Shelf Life – A great project at the American Museum of Natural History

I am a geek, and proudly so, and as such I have been known to visit exhibitions at the excellent Natural History Museum and the Science Museum in London, the Field Museum in Chicago, or indeed the American Museum of Natural History (AMNH). As a matter of fact, in August I did go to the AMNH and had a great time. I particularly enjoyed the Hayden Planetarium, part of the Rose Center for Earth and Space, with its iconic glass cube encasing the spherical Space Theater.

I am always in awe at the enormous number of items in the collections of these museums, cataloguing human knowledge, from taxonomy and evolution to geology and astrophysics. I was thus really intrigued when Roberto Moncada, from the AMHN sent some information about the most recent project at the museum: Shelf Life.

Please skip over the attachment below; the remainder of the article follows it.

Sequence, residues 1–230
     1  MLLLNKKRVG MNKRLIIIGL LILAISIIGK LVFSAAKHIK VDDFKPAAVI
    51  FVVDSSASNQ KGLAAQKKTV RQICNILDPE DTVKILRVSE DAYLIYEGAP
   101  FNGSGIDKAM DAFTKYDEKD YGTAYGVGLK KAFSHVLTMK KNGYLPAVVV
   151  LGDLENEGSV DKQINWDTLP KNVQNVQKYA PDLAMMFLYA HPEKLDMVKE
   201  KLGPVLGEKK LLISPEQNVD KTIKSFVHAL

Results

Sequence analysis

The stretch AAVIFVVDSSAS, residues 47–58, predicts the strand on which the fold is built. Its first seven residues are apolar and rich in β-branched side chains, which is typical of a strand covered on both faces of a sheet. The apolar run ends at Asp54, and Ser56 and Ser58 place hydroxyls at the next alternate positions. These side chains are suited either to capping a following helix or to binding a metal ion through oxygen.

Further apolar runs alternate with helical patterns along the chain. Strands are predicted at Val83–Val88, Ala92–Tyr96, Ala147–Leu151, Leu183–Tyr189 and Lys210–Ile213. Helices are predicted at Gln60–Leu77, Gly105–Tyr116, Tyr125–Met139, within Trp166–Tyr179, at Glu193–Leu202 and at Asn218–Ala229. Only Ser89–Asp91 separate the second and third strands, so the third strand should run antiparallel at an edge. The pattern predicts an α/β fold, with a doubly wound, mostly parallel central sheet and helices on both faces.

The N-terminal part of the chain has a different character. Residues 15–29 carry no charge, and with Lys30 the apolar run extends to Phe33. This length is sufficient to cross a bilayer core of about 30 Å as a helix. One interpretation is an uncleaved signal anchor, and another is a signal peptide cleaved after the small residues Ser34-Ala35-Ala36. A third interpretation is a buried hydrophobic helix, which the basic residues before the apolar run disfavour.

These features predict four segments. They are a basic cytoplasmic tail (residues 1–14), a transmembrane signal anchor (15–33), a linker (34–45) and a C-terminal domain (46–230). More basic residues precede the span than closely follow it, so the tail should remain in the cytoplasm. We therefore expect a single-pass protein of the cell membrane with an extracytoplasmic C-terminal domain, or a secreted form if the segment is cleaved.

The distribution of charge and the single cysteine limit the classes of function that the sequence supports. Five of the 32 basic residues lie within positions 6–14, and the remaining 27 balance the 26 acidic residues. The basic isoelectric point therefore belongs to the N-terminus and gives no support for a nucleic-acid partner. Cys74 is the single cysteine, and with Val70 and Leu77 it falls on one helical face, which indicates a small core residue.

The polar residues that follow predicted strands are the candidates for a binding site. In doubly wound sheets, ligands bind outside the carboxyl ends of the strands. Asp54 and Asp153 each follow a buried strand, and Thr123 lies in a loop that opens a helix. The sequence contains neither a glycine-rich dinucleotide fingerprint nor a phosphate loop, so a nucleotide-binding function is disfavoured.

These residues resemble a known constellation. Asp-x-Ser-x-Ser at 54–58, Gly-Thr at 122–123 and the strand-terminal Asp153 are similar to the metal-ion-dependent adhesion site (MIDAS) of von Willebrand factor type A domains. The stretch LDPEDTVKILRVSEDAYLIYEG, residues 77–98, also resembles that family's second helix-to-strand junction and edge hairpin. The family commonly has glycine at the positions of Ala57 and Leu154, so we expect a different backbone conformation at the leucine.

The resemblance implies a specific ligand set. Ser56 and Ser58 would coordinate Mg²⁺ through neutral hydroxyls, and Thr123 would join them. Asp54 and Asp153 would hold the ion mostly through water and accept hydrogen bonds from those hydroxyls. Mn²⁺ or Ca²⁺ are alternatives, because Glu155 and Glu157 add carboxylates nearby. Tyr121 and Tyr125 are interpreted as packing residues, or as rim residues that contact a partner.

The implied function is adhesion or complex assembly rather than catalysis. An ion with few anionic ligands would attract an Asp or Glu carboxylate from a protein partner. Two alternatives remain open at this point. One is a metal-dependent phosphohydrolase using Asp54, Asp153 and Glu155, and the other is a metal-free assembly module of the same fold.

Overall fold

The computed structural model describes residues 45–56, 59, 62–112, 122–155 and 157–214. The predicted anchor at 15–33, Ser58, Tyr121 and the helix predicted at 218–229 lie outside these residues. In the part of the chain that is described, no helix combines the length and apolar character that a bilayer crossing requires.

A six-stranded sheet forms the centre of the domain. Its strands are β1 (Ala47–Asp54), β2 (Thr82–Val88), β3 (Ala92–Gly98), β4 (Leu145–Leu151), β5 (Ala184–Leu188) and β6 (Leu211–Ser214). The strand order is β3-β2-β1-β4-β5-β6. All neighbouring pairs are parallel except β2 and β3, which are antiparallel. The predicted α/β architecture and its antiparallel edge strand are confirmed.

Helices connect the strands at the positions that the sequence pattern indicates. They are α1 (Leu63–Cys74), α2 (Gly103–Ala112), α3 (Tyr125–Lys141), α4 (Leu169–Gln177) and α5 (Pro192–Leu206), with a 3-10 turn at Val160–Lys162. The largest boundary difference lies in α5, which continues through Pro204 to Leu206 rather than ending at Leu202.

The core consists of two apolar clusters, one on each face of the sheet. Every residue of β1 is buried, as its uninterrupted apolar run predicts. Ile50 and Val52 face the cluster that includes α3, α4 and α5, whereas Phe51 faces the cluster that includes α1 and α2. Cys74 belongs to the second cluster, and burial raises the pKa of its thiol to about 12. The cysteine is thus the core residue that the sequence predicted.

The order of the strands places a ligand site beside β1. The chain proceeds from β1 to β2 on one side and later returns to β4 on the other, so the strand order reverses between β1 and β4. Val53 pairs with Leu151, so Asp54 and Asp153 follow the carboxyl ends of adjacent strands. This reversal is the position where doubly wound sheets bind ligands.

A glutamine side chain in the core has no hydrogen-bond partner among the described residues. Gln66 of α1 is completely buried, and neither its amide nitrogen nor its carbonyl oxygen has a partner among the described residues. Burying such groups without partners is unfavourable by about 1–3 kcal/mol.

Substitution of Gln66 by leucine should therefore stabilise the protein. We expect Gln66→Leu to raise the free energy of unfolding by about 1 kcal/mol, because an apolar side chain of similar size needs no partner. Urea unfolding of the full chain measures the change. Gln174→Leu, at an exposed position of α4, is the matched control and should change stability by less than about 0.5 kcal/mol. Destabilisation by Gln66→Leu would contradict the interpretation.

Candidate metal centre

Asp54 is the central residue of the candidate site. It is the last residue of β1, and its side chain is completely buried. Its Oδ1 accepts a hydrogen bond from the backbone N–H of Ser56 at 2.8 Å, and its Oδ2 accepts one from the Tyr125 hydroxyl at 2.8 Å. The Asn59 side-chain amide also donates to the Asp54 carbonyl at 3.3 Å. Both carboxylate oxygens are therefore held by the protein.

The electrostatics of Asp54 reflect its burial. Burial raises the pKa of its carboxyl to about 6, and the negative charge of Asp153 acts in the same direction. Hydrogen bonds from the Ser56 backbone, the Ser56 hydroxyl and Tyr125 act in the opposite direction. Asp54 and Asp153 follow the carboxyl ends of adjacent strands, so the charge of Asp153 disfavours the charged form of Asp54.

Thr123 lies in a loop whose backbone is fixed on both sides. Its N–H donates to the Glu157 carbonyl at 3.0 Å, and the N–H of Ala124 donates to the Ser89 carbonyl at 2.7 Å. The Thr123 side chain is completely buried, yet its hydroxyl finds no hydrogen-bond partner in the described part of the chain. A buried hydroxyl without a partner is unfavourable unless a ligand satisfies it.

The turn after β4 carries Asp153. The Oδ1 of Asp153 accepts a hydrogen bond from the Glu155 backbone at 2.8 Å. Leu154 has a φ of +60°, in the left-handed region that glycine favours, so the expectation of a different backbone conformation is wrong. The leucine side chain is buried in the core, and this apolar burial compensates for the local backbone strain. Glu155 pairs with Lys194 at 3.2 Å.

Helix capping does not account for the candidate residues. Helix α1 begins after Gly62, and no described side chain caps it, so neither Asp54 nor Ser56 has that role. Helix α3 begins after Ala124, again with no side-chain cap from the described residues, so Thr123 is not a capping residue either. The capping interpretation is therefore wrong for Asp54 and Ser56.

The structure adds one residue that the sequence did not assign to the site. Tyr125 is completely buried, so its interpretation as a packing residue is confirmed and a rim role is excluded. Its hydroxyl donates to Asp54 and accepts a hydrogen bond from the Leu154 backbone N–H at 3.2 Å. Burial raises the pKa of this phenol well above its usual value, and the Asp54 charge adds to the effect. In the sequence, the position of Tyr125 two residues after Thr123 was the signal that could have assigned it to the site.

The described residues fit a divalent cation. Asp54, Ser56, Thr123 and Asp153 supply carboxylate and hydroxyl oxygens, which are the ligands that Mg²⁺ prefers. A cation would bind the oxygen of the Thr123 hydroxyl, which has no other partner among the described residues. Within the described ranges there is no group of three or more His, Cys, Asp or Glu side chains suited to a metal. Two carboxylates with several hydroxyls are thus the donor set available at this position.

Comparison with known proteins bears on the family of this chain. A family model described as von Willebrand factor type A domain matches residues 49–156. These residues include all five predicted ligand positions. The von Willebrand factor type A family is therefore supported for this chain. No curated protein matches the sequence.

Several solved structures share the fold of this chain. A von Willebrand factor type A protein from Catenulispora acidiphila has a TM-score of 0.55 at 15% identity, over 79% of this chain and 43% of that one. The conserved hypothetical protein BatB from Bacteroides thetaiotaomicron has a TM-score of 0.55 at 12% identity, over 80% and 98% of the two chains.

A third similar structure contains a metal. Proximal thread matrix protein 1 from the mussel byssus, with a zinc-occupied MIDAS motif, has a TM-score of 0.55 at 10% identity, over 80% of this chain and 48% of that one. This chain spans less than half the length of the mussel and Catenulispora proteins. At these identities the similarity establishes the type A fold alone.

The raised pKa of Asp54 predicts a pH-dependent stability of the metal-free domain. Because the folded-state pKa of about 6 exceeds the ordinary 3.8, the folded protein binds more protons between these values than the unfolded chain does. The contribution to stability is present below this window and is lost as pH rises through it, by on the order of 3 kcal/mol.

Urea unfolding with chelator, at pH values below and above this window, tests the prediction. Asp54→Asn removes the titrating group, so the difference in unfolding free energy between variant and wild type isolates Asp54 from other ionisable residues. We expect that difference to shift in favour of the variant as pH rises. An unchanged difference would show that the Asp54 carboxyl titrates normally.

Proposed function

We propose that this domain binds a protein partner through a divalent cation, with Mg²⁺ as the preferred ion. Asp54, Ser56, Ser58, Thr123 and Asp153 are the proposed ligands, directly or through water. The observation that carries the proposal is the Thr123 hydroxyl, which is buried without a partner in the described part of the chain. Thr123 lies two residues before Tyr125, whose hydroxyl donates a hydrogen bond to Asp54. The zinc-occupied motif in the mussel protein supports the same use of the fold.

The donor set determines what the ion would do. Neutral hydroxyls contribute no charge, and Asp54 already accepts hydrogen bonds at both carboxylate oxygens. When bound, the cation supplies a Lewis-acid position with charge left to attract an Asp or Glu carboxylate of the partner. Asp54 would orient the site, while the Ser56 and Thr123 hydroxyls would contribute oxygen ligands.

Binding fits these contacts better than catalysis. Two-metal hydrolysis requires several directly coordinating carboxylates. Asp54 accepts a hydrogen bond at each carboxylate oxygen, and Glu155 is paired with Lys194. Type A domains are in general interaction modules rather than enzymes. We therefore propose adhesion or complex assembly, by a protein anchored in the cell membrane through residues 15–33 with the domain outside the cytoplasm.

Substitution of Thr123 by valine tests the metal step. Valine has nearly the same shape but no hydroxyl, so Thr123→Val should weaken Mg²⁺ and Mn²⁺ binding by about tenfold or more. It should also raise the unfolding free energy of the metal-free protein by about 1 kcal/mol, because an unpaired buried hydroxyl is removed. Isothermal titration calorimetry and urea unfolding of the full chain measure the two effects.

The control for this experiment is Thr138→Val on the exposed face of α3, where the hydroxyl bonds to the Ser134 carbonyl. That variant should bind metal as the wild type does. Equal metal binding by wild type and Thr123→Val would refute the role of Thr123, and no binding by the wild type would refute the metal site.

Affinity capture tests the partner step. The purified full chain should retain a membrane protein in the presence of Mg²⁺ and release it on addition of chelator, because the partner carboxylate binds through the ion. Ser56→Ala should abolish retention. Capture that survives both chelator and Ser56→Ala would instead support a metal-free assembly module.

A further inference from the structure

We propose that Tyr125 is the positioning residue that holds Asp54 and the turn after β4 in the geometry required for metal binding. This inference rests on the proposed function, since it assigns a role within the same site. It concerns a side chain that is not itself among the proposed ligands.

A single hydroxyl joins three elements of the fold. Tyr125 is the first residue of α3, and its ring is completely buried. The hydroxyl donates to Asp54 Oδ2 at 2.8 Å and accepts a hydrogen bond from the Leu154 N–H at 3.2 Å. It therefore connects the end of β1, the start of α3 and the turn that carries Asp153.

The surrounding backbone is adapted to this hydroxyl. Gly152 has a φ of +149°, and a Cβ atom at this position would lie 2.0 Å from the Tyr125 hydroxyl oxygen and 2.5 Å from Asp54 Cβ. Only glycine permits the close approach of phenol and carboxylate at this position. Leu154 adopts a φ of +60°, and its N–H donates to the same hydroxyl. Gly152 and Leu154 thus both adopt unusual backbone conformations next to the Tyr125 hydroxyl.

The AMHN has a collection with over 33 million specimens an artefacts. As it is usually the case, some of these items tell us a story about the state of knowledge at different points in human history and they range from the rare and irreplaceable to the amazing and precious. In the Shelf Life project, the museum keeps at heart its mission to share their collections and educate the public about the work that they do with the help of videos released monthly over the next year. In Episode 1, they take us inside the museum collections: “from centuries-old specimens to entirely new types of specialized collections like frozen tissues and genomic data”. Episode 2 they talk to us about the art of the science of classification, taxonomy, and they way in which 33 million (plus) items get organised in the collection of the museum. Go, have a look at their shelves, you will surely find something of interest among those 33 million items!

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